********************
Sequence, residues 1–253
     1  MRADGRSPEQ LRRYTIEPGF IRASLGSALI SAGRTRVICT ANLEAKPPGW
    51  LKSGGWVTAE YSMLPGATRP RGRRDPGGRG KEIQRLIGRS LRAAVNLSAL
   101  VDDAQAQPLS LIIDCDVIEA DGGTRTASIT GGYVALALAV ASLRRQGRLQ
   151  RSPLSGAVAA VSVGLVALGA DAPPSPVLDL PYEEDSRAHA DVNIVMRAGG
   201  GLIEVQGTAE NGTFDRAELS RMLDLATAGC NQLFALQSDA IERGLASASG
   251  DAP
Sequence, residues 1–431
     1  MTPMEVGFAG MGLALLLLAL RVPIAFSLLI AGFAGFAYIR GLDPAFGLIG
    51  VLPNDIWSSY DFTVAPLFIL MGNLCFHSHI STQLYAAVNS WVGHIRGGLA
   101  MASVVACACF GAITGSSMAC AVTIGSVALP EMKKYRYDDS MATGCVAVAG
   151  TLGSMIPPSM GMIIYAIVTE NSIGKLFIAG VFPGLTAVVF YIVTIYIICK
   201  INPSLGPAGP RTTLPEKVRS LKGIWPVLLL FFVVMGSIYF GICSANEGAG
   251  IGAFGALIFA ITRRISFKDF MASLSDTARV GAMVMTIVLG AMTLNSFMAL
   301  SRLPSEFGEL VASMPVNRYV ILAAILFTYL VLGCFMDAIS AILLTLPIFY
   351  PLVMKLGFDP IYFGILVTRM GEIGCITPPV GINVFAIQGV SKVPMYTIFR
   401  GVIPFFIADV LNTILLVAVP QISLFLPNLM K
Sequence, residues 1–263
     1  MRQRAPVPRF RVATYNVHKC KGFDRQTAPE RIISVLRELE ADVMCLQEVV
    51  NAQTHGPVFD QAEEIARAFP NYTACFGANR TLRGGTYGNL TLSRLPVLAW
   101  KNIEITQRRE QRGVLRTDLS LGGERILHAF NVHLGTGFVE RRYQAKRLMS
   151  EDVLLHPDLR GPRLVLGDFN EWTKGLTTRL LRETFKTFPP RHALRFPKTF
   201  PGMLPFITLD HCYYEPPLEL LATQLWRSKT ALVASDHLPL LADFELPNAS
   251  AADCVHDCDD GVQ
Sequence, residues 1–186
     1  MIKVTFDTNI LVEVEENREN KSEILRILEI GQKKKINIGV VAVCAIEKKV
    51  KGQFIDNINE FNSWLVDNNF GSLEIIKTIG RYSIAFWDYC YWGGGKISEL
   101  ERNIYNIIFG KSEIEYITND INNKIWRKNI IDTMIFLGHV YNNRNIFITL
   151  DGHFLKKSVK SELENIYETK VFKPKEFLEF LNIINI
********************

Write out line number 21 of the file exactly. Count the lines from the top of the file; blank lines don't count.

   101  KNIEITQRRE QRGVLRTDLS LGGERILHAF NVHLGTGFVE RRYQAKRLMS